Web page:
Cozy isn’t usually a word used to reference a garage. But many homeowners take full advantage of this space as a workshop for home improvement projects or hobbies including woodworking. Mulling transforming your garage into a home woodshop? By adding heating and cooling, you’ll have the option utilize the garage throughout the year.
Standard systems, such as a furnace, heat pump or air conditioner, are usually pricey since there’s ductwork that’s necessary. Plus, garages are often separate.
The two most popular options are garage heaters or mini-split systems, as they don’t require ductwork. But which kind should you go with? It’s critical to be informed about each to find the most energy-efficient solution for your needs. Sawdust needs extra consideration because these particles can fill up filters and lower your system’s efficiency.
We review the differences to help you pick the best option for your shop.
Ductless mini-splits are similar to a heat pump, since they shift heat in place of making it. This makes them highly energy efficient. They’re placed on your wall and join to an exterior unit by a small hole in the wall.
A mini-split air conditioner is prized for its energy efficiency and nearly silent operation. This makes it ideal for craftsmen needing a calm, comfortable area to work. As they offer both heating and cooling, mini-splits can be used throughout the year.
Because wood contracts with changes in temperature, total control over heating and cooling is extremely beneficial. A lot of carpenters and woodworkers recommend doing work in temperatures much like where the finished creation will end up.
Changing your filter consistently is a crucial piece of maintenance. Using a saw generates a lot of sawdust. If you don’t keep up with your mini-split’s filter, you risk reducing your system’s efficiency and lifetime.
A mini-split also has to have frequent tune-ups from a professional HVAC technician, like one from Service Experts Heating, Air Conditioning & Plumbing. Keeping its internal pieces clean and lubricated will help decrease the probability of breakdowns and could even help it run for an extended period of time.
Garage heaters work slightly differently. They generate heated air, so it’s ideal to compare one to a small furnace. They’re installed on the ceiling, typically in a corner. If you rely on your garage for added storage, keep in mind that these heaters will require a part the overhead space.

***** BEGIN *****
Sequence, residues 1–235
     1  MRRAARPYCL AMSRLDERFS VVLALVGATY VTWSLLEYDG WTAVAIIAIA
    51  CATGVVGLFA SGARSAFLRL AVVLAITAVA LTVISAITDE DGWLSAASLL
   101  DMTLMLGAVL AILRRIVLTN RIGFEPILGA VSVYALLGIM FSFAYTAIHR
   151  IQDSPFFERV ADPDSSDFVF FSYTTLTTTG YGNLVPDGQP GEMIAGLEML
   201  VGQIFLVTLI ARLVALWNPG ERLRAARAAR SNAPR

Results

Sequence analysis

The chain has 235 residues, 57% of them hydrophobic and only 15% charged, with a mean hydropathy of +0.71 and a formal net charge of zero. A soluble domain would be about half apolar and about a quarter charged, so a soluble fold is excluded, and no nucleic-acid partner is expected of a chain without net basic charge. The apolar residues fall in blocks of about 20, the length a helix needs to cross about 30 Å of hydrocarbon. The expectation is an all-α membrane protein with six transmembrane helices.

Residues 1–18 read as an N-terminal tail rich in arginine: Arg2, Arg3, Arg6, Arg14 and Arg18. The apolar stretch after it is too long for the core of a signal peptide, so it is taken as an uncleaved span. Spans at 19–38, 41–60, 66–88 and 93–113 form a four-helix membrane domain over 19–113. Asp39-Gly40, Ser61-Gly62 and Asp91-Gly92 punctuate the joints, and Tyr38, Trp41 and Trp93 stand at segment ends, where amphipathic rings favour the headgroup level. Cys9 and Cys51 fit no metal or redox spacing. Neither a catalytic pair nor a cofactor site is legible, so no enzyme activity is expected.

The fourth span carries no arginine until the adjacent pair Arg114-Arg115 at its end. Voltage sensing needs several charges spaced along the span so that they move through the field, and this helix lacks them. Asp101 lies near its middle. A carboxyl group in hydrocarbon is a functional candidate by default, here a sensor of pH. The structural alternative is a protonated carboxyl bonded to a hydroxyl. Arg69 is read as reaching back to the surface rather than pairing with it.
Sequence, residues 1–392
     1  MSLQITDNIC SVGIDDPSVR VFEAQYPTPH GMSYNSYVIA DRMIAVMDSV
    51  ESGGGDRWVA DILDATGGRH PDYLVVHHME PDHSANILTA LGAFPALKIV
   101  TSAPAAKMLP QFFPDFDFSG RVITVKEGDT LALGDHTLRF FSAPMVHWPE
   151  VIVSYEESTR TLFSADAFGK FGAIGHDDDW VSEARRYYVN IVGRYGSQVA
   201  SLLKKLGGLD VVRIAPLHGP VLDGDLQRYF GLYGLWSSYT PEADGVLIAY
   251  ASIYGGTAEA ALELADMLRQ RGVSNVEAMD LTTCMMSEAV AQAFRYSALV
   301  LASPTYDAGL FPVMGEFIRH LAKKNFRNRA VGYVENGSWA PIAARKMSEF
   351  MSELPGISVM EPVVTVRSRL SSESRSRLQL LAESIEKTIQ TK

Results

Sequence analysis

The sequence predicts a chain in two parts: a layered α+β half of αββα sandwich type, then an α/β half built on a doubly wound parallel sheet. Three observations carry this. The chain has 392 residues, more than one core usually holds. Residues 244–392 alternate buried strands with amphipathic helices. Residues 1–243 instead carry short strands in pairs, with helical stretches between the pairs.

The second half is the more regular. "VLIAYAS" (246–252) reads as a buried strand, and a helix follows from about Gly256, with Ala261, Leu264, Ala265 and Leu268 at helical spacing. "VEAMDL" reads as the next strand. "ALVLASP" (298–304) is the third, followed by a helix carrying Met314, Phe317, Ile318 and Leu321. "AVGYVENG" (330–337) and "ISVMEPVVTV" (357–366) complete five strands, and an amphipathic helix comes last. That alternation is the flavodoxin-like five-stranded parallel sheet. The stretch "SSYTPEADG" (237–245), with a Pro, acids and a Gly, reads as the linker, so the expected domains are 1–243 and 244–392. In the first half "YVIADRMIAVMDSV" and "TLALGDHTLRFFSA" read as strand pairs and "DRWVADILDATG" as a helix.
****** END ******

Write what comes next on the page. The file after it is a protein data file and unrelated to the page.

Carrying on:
The biggest difference between garage heaters and mini-split systems is the fuel type, because mini-splits are electric. Propane or natural gas garage heaters are both standard kinds, but there are electric garage heaters too if you don’t want to bother with fuel connections.
Garage heaters come with a perk that makes them slightly better than a mini-split system. They don’t have to have a filter and some models have separate combustion chambers, which stops sawdust from infiltrating those internal pieces.
Ultimately there are lots of things to consider, including the weather in the U.S.. These encompass:
Ductless mini-split systems cost more at the start than garage heaters. If you won’t need your woodshop all the time, this may not be the most budget-friendly option. But woodshops in climates with large changes in weather may benefit from better control.
Garage heaters are a simpler, more reasonably priced choice. Different models utilize varying fuel sources to make heat only, making them bad for warm areas. Gas or propane garage heaters are ideal if fuel costs are smaller. They’re not as energy efficient, so routine use may lead to bigger utility expenses. But the great heat generation is preferable in northern locations.
For trustworthy advice and installation, trust the HVAC Experts at Service Experts Heating, Air Conditioning & Plumbing. We’ll help you make the right choice. And with outstanding repair and maintenance services, your shop will be a relaxing area for years. Reach us at 866-397-3787 to schedule a free home comfort assessment or appointment now.
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